April 04, 2014

Partnering with friends in the Punya Foundation and Bhutanese Diaspora

Punya Foundation scholars, parents, and Jana Yuba Kalyan Samuha
(JYKS) volunteers in Birtamod, Jhapa, Nepal. Photo credit: JYSK

I am honored to have partnered with Dr. Lakshmi Prasad Dhakal and Vidhyapati Mishra to produce The Punya Foundation Annual Report 2013. (We each live in a different part of the world; see pages 2 and 3 of the report for our bios and how we became a team.)

In 2010, a group of exiled Bhutanese citizens established the Foundation as a charity honoring the sacrifices their community made in the struggle for human rights and democracy in Bhutan. Driven by their 100,000-person experience of expulsion from their homeland beginning in 1991, and subsisting in refugee camps in eastern Nepal nearly three decades, the Foundation has been working hard helping fellows still in the camps and those rebuilding their lives and becoming self-supporting and productive in countries of resettlement.

The Foundation mission is “Seeking Justice through Education and Empowerment” for vulnerable, often traumatized young children, high school students, women, and families in the Bhutanese Diaspora and in refugee camps in Nepal and beginning in 2013, in Kenya, too.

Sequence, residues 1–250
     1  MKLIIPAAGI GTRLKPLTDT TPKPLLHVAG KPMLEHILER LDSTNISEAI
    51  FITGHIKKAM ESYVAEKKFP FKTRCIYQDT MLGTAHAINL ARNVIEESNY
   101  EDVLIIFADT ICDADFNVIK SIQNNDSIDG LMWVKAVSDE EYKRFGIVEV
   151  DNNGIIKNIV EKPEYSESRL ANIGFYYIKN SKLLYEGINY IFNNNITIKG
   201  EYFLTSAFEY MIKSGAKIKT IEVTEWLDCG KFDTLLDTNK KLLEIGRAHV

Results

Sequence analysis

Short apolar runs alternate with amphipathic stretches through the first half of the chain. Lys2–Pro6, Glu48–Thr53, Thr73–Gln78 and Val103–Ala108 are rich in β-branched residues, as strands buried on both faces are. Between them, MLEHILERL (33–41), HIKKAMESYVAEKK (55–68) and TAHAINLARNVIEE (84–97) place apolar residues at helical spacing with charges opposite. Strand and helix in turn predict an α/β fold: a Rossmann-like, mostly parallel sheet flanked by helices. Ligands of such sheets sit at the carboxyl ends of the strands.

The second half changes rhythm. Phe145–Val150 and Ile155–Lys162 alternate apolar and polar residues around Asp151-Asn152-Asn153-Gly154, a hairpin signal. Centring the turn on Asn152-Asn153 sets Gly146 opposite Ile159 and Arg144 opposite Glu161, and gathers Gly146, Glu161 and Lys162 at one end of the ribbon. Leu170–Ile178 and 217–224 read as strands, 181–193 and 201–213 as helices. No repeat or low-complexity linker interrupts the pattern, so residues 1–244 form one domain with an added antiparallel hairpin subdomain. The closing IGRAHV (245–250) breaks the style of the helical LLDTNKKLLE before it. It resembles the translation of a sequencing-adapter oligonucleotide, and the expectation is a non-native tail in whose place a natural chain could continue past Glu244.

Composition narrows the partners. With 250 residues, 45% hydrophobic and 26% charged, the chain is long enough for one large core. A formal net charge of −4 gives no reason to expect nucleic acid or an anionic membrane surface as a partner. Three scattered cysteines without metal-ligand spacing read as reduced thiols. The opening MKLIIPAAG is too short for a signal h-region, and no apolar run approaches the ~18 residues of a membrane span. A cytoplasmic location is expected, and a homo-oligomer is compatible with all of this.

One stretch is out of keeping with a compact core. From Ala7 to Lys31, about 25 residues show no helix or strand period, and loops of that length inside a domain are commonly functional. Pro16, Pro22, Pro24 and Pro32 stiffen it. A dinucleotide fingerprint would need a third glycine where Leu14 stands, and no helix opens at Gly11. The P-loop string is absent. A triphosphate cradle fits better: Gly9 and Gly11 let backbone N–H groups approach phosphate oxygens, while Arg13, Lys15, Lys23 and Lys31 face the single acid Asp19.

In Kakuma Refugee Camp, Kenya, participants in the Punya Foundation
life skills development project to help empower victims of
rape and gender based violence. Photo credit: The Kanera

The annual report, lavishly illustrated with captioned photos, describes programs, activities, scholarship winners, partners, operations, and financial data. Also covered are new initiatives in the coming year, 2014. (For report highlights, see pages 4, 5; for project details, first-person narratives, and scholarship profiles, see the full report.)

Fellows in the Bhutanese Diaspora and friends are invited to support the charity work — donate funds, volunteer talents, make suggestions, and request more information. Please contact Punya Foundation.

My related post
Bhutanese Atlantans repurpose "the vine that ate the South"

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